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Capitol riots: Legal expert says Kevin McCarthy violated ethics rules in threat to telecom companies
Many of the suspected Republicans are already railing against the subpoenas presented by the bipartisan House committee investigating the Capitol insurrection last January 6. Following the recent threat made by House Minority Leader Kevin McCarthy against the subpoenas, a legal expert says McCarthy made a misstep by violating ethics rules.
CNN legal analyst Norm Eisen, who served as the special counsel to the House Judiciary Committee, debunked the threats and claims made by McCarthy in response to the committee’s request to preserve records of several members of Congress that may be related to the insurrection. McCarthy warned the companies that if the GOP takes control of the House in 2022, the companies would be punished. McCarthy also claimed that the bipartisan panel committed a violation of federal law.
However, Eisen said that McCarthy’s statements against the move were not in violation of the law and that the companies would actually be violating the law if they refused to comply. Eisen added that McCarthy’s threats are possible obstructions of justice and congressional proceedings.
“It meets the elements of obstruction. It’s a threat. It’s an attempt to stop them through the threat, from turning over documents. It’s self-motivated, it’s corrupt, and McCarthy is worried about what may be in those records on him, and on members of his caucus. It’s always a challenge when you have legislative activity -- and not that he did this on his official Twitter account -- you have protection under the Constitution for legislators, the speech and debate clause, there will be a debate about that,” said Eisen.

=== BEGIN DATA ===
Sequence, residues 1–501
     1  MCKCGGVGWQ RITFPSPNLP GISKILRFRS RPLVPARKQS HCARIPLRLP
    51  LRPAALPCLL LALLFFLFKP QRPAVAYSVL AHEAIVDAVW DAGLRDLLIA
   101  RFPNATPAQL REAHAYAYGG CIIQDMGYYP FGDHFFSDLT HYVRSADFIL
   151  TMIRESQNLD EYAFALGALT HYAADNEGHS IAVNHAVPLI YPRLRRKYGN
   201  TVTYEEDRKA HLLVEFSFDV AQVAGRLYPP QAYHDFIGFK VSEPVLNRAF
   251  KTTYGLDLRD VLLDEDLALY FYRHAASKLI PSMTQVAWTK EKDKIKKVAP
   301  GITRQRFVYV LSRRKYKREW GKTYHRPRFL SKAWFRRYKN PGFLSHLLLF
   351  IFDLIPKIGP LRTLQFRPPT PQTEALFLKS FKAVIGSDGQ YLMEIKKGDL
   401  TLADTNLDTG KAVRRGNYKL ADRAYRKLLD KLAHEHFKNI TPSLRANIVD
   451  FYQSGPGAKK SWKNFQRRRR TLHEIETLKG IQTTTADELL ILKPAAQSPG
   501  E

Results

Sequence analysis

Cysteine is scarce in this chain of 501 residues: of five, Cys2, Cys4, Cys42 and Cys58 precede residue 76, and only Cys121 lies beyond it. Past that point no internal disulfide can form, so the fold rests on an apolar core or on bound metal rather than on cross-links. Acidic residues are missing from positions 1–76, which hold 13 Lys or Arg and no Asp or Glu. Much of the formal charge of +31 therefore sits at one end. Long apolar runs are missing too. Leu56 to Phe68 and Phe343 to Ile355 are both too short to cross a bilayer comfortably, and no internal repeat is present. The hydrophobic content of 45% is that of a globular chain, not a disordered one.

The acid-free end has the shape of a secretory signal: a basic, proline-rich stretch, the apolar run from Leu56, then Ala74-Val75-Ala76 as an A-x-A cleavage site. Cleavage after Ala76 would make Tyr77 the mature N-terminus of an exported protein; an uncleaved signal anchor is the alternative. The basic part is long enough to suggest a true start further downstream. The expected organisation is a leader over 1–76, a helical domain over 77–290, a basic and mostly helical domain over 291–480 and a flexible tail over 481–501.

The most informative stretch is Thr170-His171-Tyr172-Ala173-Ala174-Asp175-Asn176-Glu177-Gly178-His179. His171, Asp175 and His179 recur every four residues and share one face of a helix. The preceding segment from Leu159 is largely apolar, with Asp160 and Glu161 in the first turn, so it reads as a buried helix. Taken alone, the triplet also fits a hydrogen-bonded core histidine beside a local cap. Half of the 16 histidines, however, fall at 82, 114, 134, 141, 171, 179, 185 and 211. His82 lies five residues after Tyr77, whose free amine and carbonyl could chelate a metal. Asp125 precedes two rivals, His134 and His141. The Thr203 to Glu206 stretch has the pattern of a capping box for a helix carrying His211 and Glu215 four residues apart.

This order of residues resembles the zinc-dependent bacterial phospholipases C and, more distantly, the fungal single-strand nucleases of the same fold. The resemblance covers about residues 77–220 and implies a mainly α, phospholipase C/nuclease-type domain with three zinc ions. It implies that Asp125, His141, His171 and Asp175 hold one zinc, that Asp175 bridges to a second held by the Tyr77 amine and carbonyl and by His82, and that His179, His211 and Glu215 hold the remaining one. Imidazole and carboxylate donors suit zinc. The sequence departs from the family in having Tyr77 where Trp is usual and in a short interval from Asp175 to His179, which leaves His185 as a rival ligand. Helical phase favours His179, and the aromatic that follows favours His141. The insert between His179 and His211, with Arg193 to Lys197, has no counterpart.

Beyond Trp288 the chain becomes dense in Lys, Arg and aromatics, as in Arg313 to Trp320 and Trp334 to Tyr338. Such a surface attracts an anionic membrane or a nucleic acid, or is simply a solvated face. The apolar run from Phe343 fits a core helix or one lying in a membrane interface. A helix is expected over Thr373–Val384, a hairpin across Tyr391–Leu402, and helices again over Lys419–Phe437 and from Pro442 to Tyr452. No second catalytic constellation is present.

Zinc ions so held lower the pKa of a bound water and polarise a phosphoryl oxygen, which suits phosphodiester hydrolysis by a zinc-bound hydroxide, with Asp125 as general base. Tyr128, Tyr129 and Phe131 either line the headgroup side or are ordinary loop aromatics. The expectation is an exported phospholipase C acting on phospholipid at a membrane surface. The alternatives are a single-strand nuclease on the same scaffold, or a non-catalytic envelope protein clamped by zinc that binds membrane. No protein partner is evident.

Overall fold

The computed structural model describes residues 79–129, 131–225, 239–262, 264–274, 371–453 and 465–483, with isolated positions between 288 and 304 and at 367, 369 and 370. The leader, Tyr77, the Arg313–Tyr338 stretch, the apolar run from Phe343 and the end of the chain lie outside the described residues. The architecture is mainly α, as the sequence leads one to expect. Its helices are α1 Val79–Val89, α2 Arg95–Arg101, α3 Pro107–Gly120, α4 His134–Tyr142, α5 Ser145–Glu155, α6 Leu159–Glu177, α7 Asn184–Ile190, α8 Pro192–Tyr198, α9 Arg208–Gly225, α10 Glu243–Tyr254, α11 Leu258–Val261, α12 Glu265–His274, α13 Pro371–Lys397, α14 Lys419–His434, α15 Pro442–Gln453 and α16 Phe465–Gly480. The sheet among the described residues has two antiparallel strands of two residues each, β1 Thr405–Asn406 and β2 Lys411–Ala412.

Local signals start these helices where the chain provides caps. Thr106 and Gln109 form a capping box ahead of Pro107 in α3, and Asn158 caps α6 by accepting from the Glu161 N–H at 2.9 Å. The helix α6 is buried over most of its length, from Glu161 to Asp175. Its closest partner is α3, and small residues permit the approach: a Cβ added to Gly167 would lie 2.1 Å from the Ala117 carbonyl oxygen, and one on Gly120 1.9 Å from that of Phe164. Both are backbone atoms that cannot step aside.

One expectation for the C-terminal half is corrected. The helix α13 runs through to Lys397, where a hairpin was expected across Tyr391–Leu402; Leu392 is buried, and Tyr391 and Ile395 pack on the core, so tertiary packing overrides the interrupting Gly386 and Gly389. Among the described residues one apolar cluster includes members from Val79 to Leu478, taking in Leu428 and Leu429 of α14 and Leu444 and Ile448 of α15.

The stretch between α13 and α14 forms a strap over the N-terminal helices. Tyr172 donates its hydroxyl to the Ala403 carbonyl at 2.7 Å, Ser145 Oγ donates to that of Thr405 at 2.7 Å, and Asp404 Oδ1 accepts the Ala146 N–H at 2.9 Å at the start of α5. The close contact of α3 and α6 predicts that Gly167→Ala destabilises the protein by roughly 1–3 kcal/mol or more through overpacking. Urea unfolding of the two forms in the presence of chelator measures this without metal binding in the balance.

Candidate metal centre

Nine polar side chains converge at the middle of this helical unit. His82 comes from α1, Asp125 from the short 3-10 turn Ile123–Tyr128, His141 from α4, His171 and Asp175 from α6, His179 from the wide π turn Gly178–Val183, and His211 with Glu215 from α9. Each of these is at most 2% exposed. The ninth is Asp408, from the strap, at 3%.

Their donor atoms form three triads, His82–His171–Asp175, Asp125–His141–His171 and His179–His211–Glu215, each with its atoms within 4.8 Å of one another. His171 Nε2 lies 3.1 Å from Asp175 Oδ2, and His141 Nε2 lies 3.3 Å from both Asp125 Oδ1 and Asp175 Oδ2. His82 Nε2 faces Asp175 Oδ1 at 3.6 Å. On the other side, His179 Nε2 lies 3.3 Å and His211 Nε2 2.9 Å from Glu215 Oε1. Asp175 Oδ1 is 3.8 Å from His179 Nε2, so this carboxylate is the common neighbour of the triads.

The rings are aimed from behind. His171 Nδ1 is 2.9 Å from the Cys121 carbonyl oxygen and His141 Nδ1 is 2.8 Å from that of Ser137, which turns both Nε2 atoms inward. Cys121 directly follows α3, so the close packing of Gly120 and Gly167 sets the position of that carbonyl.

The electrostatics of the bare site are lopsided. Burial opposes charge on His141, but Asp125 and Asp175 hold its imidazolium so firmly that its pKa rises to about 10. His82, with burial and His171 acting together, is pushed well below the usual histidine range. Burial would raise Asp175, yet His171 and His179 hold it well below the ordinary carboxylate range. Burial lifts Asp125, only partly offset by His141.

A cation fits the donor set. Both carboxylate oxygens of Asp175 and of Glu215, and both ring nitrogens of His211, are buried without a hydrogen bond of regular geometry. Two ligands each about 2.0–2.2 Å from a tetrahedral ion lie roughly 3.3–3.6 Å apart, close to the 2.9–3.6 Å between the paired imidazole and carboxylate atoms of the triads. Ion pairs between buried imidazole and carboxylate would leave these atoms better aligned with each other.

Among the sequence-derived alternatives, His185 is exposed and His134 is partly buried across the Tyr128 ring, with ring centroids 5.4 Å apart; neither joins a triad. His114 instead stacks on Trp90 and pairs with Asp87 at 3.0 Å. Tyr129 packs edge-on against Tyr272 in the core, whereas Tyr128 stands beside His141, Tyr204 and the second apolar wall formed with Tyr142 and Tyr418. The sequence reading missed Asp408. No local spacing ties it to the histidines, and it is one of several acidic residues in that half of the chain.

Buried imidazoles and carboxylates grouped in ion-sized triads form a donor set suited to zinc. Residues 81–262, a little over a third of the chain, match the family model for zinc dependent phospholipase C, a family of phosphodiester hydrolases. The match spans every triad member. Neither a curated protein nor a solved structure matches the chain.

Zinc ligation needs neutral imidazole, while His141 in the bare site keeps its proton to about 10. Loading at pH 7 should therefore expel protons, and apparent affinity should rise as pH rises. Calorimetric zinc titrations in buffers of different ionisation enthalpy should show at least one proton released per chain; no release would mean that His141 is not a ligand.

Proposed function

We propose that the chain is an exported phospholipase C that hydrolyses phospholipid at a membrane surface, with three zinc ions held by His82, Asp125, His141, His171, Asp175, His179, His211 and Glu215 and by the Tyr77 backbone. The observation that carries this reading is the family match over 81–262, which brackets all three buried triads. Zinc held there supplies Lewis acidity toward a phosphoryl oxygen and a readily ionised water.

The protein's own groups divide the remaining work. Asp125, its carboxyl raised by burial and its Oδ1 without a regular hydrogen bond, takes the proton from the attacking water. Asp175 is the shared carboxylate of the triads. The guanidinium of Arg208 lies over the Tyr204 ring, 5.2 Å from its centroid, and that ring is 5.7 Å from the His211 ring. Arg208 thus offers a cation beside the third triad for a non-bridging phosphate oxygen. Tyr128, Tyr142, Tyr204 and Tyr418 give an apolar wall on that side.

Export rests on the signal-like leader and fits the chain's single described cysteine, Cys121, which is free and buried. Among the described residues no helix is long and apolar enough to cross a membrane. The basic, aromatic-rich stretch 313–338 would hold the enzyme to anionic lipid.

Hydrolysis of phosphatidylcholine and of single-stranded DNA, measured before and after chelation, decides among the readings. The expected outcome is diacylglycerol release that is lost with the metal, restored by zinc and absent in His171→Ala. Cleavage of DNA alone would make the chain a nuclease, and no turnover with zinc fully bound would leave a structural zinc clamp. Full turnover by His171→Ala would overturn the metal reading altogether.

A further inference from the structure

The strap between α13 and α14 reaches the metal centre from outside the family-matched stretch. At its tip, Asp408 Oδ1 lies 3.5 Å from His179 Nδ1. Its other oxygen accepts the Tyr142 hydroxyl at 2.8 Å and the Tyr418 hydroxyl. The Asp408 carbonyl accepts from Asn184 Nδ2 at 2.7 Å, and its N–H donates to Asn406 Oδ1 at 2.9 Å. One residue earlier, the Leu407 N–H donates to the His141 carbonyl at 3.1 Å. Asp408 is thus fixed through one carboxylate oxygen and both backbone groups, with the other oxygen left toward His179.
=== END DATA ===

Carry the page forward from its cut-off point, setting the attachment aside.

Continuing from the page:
Hundreds of the insurrectionists have already been arrested and detained by law enforcement officials, many of whom are awaiting trial or have already been sentenced. A judge on Wednesday blasted an insurrectionist for remaining unvaccinated for COVID-19 ahead of his in-person hearing.
According to NBC4 reporter Scott MacFarlane, a judge questioned insurrectionist Klete Keller if he was fully vaccinated, to which Keller said he was not. When asked why Keller explained that he had already contracted COVID-19 and therefore did not need to be vaccinated despite advice from doctors and other health professionals that getting vaccinated would give a person more protection from coronavirus than the antibodies that came from the infection.